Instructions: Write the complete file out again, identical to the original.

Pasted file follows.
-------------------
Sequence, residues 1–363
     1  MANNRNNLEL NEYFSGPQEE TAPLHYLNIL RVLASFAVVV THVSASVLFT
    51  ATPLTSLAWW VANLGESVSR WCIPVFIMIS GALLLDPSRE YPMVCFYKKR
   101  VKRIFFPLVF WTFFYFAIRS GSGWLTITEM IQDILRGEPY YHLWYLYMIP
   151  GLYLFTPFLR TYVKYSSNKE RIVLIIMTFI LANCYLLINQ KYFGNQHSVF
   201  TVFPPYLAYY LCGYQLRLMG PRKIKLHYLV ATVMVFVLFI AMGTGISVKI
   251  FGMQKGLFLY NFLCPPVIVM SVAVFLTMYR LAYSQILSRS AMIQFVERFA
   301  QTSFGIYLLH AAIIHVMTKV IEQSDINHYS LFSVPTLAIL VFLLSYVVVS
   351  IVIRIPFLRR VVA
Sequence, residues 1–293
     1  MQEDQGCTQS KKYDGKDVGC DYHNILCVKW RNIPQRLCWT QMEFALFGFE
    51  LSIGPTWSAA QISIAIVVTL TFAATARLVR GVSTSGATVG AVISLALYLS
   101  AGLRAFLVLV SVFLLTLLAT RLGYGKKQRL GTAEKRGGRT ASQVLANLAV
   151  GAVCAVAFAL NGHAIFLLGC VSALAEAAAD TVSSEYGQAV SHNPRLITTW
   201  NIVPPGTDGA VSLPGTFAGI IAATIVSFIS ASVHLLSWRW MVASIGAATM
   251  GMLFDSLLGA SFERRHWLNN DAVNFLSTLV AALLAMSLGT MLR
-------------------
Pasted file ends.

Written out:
Sequence, residues 1–363
     1  MANNRNNLEL NEYFSGPQEE TAPLHYLNIL RVLASFAVVV THVSASVLFT
    51  ATPLTSLAWW VANLGESVSR WCIPVFIMIS GALLLDPSRE YPMVCFYKKR
   101  VKRIFFPLVF WTFFYFAIRS GSGWLTITEM IQDILRGEPY YHLWYLYMIP
   151  GLYLFTPFLR TYVKYSSNKE RIVLIIMTFI LANCYLLINQ KYFGNQHSVF
   201  TVFPPYLAYY LCGYQLRLMG PRKIKLHYLV ATVMVFVLFI AMGTGISVKI
   251  FGMQKGLFLY NFLCPPVIVM SVAVFLTMYR LAYSQILSRS AMIQFVERFA
   301  QTSFGIYLLH AAIIHVMTKV IEQSDINHYS LFSVPTLAIL VFLLSYVVVS
   351  IVIRIPFLRR VVA
Sequence, residues 1–293
     1  MQEDQGCTQS KKYDGKDVGC DYHNILCVKW RNIPQRLCWT QMEFALFGFE
    51  LSIGPTWSAA QISIAIVVTL TFAATARLVR GVSTSGATVG AVISLALYLS
   101  AGLRAFLVLV SVFLLTLLAT RLGYGKKQRL GTAEKRGGRT ASQVLANLAV
   151  GAVCAVAFAL NGHAIFLLGC VSALAEAAAD TVSSEYGQAV SHNPRLITTW
   201  NIVPPGTDGA VSLPGTFAGI IAATIVSFIS ASVHLLSWRW MVASIGAATM
   251  GMLFDSLLGA SFERRHWLNN DAVNFLSTLV AALLAMSLGT MLR